'The Gentlemen': Stylishly mounted with anachronistic feel ( Review, Rating: ***)

By IANS | Published: January 30, 2020 09:51 PM2020-01-30T21:51:45+5:302020-01-30T22:00:11+5:30

Matthew McConaughey, Hug Grant, Charlie Hunnam, Colin Farrell, Henry Golding, Michelle Dockery, Jeremy Strong, Eddie Marsan; Direction: Guy Ritchie; Rating: *** (three stars)

'The Gentlemen': Stylishly mounted with anachronistic feel ( Review, Rating: ***) | 'The Gentlemen': Stylishly mounted with anachronistic feel ( Review, Rating: ***)

'The Gentlemen': Stylishly mounted with anachronistic feel ( Review, Rating: ***)


Guy Ritchie's "The Gentlemen", with a adishonour-amongst-thieves plot', is an action comedy that's talk heavy, and has a seedy, anachronistic feel, more like a throwback to the films of the 1990s.

Featuring a stellar ensemble cast headed by Matthew McConaughey, Hugh Grant, Charlie Hunnam, Michelle Dockery and Colin Farrell, Ritchie's oeuvre is a fairly familiar affair that has traits of Quentin Tarantino fare. In fact, one sequence featuring a mobster locked in a car trunk, feels like a direct Tarantino homage.

The narrative pivots around private investigator and would-be screenwriter Fletcher (Hugh Grant) telling big-time mob enforcer Raymond (Charlie Hunnam) a story for a film, at his swanky London home.

The explosive tale concerns Raymond's boss, Mickey Pearson (Matthew McConaughey), a suavely ruthless US expat and marijuana tycoon, who plans to sell his business to American billionaire Matthew Berger for a cool 400 million pounds so that he can retire with his wife Rosalind (Michelle Dockery) and join the ranks of the gentry.

In the oddly circuitous way of unspooling, Raymond becomes noticeably impatient listening to Fletcher, who claims he is "laying pipe", Hollywood parlance that means setting the stage. Fletcher's elaborate recitation is to provide Raymond with evidence as to why he deserves 20 million in exchange for silence. The plot packed with rivals soon start circling, creating a complicated web of crossing and double-crossing, which includes bribery, blackmail and murder.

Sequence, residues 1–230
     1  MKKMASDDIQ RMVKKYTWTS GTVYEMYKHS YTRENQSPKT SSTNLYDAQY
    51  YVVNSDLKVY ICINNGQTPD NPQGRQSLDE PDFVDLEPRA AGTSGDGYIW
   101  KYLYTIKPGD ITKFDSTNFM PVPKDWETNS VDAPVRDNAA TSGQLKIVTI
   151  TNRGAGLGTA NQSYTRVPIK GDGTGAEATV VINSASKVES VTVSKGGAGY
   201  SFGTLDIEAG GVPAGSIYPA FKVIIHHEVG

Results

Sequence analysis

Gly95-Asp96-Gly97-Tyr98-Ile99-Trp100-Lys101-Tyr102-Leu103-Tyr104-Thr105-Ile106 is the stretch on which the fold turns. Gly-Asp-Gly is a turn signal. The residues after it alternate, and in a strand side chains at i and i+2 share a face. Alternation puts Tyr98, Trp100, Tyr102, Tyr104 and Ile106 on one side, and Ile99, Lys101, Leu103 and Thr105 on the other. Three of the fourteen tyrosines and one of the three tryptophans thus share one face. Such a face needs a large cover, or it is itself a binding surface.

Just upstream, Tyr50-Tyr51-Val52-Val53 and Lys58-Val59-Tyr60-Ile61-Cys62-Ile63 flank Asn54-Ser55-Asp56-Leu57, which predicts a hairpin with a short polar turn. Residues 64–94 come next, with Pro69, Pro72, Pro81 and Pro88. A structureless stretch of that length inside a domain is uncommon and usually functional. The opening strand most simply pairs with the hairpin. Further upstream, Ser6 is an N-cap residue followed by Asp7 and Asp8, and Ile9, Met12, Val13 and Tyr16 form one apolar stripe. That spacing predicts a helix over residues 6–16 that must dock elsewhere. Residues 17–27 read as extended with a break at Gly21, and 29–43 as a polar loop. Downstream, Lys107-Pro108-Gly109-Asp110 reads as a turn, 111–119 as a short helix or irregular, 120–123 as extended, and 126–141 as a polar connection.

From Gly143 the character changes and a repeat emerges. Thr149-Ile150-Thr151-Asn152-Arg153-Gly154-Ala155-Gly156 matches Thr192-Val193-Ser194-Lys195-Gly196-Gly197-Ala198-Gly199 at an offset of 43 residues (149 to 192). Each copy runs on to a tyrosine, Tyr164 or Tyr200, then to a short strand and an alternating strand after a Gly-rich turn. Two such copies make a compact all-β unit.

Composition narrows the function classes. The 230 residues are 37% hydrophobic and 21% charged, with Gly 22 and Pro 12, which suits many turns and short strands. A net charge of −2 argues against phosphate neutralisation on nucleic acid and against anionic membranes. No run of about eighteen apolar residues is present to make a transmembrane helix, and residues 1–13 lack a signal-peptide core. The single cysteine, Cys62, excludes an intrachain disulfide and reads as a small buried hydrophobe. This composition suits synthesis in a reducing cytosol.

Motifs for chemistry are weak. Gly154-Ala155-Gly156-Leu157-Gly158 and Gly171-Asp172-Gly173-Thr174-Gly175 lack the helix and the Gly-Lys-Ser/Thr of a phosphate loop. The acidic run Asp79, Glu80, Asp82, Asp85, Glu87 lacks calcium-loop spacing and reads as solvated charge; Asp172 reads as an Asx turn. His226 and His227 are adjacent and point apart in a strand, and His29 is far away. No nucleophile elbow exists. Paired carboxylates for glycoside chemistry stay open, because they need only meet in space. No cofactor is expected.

The plot is a bit complex and thus the film initially appears convoluted. After you survive the tedious first act and the jig-saw puzzle falls into place, you enjoy the telling. It is refreshingly funny and deftly plotted, with more witty lines and less boorish machismo than Tarantino's works. Violence, here plays a key role, but mostly occurs off-screen or limited on-screen and the body count is surprisingly low.

The characters are mostly stereotypes than actual people, which makes it hard to care about or to root for. Matthew McConaughey exudes absolutely zero charisma on screen as Mickey Pearson especially while justifying his illegalbusiness by indicating that weed doesn't kill anyone or when he purrs: "If you wish to be the King of the jungle, it's not enough to act like the kind, you must be the King."

Likewise, Hugh Grant serving as both the smug raconteur and the antagonist at the same time, is bland, he comes off as an old ham.

Michelle Dockery and British-Malaysian actor Henry Golding in supporting roles are completely wasted. They both appear to have been cast only for their looks.

The only valuable performances are by Charlie Hunnam and Colin Farrell. Hunnam as the impassive lackey figure Raymond, executes much of the action, which he does with slightly mournful charm while his more flavourful superiors recede into the background. Similarly, Colin Farrell is amusing and a delight, playing the cunning and lippy coach mentoring a coterie of young thugs.

With slick production values, the film is stylishly mounted and overall, it is an ambitious yet effortlessly entertaining caper.

( With inputs from IANS )

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